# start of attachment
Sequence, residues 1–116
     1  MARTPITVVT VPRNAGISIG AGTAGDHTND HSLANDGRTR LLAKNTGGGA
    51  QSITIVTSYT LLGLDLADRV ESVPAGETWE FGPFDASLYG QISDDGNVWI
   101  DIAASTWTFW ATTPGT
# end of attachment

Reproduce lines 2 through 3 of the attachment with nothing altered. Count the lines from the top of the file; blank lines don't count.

     1  MARTPITVVT VPRNAGISIG AGTAGDHTND HSLANDGRTR LLAKNTGGGA
    51  QSITIVTSYT LLGLDLADRV ESVPAGETWE FGPFDASLYG QISDDGNVWI